My path toward activism continued to change after my wife and I went to Great Britain to live and work. My eyes were opened to a global world which was different than my sheltered American upbringing. I met followers of Jesus from a variety of cultures who thought and lived very differently to me.

While living in the UK I was able to travel to a number of countries, including Kinshasa in the Democratic Republic of Congo. It was just after the war in the late '90's and I saw firsthand the devastation of extreme poverty. I had seen poverty in Mexico, but the depth of poverty in this war torn country was shocking.

That trip, and others around the globe like it, have shaped me in profound ways. My own naive college-student ideas of both theology and what 'social justice' meant has shifted.

In 2006 I heard about ONE and the work it was doing to alleviate poverty in Africa. My family had lived in the UK during the turn of the millennium when the "Make Poverty History" campaign began and at that time had tried to participate and promote it. Because the goals were similar, I signed up for ONE.

ONE is a bi-partisan organization which describes itself on the website as: ONE is an international campaigning and advocacy organization of more than 6 million people taking action to end extreme poverty and preventable disease, particularly in Africa because the facts show extreme poverty has already been cut by 60% and can be virtually eliminated by 2030, but only if we act with urgency now. Cofounded by Bono, we raise public awareness and work with political leaders to combat AIDS and preventable diseases, increase investments in agriculture and nutrition, and demand greater transparency so governments are accountable to their citizens.”

As a point of entry into “activism”, with ONE it was easy to feel like an activist- the website is set up in such a way that all I needed to do was click and I was able to send a message to my congressperson on issues of poverty in Africa, mosquito nets, immunizations, and electricity. I was what some call a 'clicktavist' and it felt good to help.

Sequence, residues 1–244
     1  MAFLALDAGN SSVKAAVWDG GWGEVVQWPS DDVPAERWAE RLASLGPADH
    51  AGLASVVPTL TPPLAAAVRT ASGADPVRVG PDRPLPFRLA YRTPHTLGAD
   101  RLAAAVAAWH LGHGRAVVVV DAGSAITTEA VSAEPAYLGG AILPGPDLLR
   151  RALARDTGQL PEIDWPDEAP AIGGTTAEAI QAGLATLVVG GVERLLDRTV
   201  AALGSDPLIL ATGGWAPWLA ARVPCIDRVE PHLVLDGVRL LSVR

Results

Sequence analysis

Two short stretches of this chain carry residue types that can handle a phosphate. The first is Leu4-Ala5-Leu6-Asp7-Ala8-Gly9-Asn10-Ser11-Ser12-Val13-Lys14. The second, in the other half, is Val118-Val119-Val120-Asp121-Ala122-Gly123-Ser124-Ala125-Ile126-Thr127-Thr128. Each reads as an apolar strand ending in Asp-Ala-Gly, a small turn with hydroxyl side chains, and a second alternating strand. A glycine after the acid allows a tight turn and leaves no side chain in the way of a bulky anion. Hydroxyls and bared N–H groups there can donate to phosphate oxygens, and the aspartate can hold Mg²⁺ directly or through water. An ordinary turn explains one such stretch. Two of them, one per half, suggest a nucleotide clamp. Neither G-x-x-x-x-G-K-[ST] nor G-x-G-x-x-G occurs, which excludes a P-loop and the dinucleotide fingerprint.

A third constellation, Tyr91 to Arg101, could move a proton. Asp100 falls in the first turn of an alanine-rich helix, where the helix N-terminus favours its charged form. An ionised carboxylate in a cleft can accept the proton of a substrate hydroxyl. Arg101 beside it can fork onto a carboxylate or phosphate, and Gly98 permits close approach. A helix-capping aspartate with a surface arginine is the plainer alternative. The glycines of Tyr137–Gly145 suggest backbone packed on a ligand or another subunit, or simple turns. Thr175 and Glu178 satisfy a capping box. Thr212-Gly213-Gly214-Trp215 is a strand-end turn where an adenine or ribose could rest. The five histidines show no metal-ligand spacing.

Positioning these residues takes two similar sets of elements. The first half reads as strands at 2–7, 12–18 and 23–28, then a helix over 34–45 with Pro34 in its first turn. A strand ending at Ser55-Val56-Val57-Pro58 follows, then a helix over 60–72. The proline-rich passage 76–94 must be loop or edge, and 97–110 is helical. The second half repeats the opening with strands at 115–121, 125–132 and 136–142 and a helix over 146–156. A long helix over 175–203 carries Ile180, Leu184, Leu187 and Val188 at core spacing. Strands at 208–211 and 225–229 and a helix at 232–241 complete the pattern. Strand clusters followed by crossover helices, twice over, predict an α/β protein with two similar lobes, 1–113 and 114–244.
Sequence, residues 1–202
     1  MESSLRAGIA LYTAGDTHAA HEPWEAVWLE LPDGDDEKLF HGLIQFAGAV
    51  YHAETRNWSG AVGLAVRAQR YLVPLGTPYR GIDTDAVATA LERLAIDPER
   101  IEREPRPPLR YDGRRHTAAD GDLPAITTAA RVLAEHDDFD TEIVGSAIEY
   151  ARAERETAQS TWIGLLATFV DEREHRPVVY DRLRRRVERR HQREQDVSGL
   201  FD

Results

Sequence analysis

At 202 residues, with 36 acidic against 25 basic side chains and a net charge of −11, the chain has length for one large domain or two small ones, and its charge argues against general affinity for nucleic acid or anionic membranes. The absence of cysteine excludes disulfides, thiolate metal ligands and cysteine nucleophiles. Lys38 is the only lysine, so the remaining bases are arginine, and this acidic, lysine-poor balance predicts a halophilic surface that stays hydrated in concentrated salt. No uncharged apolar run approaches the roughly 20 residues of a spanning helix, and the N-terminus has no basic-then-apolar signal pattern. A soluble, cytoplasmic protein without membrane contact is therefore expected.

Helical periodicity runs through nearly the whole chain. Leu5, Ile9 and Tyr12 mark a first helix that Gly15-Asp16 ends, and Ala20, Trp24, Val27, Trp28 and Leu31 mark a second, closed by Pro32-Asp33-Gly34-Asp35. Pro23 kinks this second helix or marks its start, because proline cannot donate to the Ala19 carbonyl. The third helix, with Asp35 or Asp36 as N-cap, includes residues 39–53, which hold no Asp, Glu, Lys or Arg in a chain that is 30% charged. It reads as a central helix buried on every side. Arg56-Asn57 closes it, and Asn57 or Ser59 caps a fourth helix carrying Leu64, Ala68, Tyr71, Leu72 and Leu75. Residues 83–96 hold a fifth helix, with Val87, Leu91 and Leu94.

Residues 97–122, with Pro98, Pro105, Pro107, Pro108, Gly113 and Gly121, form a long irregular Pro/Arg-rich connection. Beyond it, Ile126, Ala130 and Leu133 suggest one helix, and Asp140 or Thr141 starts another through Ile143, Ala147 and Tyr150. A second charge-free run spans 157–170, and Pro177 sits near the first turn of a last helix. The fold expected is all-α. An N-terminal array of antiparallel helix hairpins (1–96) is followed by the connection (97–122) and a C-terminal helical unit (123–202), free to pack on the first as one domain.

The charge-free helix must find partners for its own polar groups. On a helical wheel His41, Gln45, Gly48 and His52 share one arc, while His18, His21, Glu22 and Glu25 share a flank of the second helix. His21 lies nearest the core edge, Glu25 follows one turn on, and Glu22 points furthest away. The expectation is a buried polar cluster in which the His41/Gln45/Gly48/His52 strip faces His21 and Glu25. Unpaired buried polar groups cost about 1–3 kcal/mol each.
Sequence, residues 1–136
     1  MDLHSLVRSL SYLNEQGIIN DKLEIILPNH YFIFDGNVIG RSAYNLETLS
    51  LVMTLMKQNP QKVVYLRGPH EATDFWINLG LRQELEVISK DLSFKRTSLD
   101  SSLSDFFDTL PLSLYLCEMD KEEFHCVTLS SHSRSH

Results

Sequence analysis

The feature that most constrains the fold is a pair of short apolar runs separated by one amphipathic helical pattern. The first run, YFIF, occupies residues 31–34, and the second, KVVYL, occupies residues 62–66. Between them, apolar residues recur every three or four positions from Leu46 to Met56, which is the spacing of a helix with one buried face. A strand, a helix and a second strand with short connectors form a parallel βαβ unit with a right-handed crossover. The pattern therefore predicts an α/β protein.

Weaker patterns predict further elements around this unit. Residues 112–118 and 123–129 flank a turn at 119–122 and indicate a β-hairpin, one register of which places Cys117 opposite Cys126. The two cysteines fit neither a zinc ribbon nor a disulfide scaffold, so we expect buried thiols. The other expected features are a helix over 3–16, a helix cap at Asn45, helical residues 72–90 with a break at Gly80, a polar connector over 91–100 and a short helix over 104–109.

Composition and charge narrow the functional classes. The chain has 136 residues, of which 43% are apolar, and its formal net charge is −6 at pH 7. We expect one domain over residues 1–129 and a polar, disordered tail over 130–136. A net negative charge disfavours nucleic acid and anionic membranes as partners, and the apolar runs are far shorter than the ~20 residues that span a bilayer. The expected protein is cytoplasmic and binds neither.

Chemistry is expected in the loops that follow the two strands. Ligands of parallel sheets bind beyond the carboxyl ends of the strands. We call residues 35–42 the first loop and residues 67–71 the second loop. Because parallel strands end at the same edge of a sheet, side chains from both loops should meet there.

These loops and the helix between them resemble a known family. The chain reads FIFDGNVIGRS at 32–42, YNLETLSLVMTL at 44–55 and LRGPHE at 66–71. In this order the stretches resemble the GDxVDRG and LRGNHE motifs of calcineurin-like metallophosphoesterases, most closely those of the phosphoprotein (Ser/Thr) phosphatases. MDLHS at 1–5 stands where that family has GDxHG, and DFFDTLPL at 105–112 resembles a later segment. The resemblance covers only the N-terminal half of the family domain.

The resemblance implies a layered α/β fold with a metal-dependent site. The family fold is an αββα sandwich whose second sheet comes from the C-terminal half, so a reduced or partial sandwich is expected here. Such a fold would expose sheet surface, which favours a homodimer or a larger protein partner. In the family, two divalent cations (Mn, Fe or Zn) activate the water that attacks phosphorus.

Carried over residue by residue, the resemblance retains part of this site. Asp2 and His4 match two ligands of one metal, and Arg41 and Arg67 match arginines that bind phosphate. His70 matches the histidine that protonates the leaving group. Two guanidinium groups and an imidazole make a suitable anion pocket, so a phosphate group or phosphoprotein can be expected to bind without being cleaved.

My family moved to Wichita in 2013 and through conversation with the ONE headquarters I have become more involved. I agreed to the role of Regional Faith Leader (RFL) for Wichita. By this step I have moved deeper into activism.

The role of RFL led to me attending the ONE Power Summit in Washington DC at the beginning of March. I gathered with about 150 fellow ONE members from around the USA to learn more about the issues of global poverty to hear from policy makers from across party lines, and to spend a day on Capitol Hill talking to Senators and Congresspersons about issues of electricity, immunizations, and global HIV/Aids treatments. It was fun to visit Kansas lawmakers with fellow Kansans to talk about these issues.

I've come along way from college when I wouldn't see a film because it had to do with peace and justice. I now actively promote these issues because I see the Kingdom of God as much more than "pray a prayer so you can go to heaven when you die". I believe that the Church is called to make a difference here and now in this world. As Jesus says in Matthew 25:40: The King will reply, ‘Truly I tell you, whatever you did for one of the least of these brothers and sisters of mine, you did for me.’